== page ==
Get your PR reviewed and merged.
Use the Promote an Adhoc Signature action to kick off signing for your new manifest. This should sign successfully with the new subkey.
Verify the KEY file and detached signature that the task publishes. This will look something like:
# Download the file that was signed, the detached signature, and the `KEY` to your local machine # Create a new keyring and import the published KEY file mkdir new gpg --homedir new --import KEY # Verify the detached signature gpg --homedir new --verify *.asc # You should see output like: # gpg: Good signature from "Mozilla Software Releases <email@example.com>"
It can be helpful to see how this was done in the past before doing this yourself. You are encouraged to look through the cloudops-infra and relengworker SOPS repositories to find the appropriate changesets.
You can also find an example of the adhoc signing manifest in this PR. If that signing manifest still exists in the repository, you can even skip steps 4 and 5, and promote that manifest in step 6 instead.
Deployment Part 2: Everything else#
Now that you’ve verified that the autograph credentials work, and that the gpg signatures produced are correct, you can roll it out to the remaining signingscript pools. This will look nearly identical to the steps above – and in fact, you can usually just copy and paste the credentials you already put in the SOPS repo, and the GPG_PUBKEY_PATH variable in signingscript. This must be done for each signing pool that uses our primary GPG key. At the time of writing this is the following (not including the adhoc one you just updated):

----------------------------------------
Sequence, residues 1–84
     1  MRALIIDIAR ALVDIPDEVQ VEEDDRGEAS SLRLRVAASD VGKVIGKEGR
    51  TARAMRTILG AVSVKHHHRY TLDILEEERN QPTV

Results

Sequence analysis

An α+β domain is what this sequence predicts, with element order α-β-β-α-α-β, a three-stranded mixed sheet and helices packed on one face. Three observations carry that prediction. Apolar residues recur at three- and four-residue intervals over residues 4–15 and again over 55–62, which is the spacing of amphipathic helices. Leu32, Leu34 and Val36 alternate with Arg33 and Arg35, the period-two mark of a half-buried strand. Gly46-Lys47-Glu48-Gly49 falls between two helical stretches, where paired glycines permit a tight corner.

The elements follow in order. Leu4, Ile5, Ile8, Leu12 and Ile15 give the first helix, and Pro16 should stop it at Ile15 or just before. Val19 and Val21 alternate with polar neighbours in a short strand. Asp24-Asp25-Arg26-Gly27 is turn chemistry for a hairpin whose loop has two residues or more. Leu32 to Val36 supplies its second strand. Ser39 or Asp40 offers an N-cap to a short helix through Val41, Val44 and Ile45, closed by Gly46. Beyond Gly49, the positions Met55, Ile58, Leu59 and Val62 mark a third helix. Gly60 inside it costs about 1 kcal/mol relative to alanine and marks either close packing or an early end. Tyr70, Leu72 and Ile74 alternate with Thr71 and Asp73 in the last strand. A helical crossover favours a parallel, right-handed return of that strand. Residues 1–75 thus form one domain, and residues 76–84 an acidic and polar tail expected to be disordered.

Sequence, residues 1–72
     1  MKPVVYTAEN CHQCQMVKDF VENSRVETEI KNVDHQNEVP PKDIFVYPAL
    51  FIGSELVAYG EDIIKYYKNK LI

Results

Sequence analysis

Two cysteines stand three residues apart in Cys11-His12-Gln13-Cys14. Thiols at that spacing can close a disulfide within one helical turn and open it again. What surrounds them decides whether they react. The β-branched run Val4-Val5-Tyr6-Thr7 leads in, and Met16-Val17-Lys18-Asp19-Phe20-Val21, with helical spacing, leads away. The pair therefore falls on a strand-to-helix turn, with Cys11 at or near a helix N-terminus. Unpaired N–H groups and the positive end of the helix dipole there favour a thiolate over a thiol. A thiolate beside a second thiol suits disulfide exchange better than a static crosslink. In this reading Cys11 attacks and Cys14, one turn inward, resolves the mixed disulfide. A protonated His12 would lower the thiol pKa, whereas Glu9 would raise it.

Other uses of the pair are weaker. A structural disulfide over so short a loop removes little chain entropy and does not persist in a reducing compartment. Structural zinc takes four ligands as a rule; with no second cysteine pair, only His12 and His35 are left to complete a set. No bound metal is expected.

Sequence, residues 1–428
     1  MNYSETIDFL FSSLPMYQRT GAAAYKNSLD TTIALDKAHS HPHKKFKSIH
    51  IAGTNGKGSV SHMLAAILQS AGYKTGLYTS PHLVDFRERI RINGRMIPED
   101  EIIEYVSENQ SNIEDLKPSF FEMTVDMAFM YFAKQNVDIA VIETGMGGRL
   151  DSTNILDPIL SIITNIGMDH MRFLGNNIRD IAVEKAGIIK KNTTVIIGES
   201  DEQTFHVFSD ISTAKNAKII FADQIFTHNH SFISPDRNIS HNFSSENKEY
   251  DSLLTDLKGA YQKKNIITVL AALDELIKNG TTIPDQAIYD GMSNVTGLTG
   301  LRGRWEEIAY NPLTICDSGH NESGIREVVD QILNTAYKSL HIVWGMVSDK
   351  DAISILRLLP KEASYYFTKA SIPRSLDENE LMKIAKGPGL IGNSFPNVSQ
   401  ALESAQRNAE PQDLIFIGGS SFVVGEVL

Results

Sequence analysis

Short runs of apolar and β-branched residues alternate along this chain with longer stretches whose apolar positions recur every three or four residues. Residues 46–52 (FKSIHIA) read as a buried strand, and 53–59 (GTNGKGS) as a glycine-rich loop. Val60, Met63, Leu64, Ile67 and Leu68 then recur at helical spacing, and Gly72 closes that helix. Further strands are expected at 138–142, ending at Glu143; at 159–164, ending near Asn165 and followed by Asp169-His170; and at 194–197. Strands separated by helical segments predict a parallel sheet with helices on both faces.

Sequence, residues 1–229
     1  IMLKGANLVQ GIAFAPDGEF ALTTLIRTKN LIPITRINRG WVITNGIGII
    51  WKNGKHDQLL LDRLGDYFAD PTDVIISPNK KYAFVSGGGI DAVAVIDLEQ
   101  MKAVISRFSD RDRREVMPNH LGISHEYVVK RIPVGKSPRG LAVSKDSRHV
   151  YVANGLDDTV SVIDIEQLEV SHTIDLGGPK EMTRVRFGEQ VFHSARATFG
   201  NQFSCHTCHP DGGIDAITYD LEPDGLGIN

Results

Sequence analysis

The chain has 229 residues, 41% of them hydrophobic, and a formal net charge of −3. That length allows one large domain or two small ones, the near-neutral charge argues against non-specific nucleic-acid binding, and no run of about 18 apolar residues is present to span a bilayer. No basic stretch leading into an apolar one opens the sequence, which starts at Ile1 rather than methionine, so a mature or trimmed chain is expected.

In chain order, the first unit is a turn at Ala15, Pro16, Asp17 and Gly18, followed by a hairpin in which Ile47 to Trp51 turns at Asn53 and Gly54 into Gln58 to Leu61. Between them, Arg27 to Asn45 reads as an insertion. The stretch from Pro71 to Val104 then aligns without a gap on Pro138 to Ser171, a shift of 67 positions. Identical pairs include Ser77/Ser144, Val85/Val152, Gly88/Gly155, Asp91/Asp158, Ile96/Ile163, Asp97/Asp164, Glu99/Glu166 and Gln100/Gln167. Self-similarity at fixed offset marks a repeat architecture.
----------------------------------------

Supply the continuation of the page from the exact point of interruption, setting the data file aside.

Do not take this list as complete. Things have likely changed since these instruction were written. You should inspect both files and make a complete list of everything using the previous subkeys.
Once you’ve updated both files again (and had the cloudops-infra PR merged) you’re ready to deploy. Take caution to avoid doing this if there are releases in flight. If you do, files from the same release will get signed with different keys. This doesn’t break anything, but it does cause confusion.
Publish the new public key#
The new key needs to be published on keys.openpgp.org. Be sure to “verify” the key after publishing, by having them send an e-mail link to click on, to make sure users will see an identity associated with it (otherwise it’s useless).
A blog post like https://blog.mozilla.org/security/2019/06/13/updated-firefox-gpg-key/ should also be made.
Import the new private key into autograph#
You will need to send the new private key and its passphrase to an autograph team member. They will handle importing it into autograph, and creating new credentials (if necessary).
Update the public key#
We publish our public key in a couple of places, and store it in others to verify some of our own signatures. Specifically, at least the following will need to be updated:
The KEY file in the signingscript config in CloudOps` repo. (Private repo, purposely not linked here)
The reference-browser repository Eg: mozilla-mobile/reference-browser#2326
Start signing with the new private key#
This will probably involve changing the signingscript secrets to use new autograph credentials that are associated with the new key, and then deploying signingscript.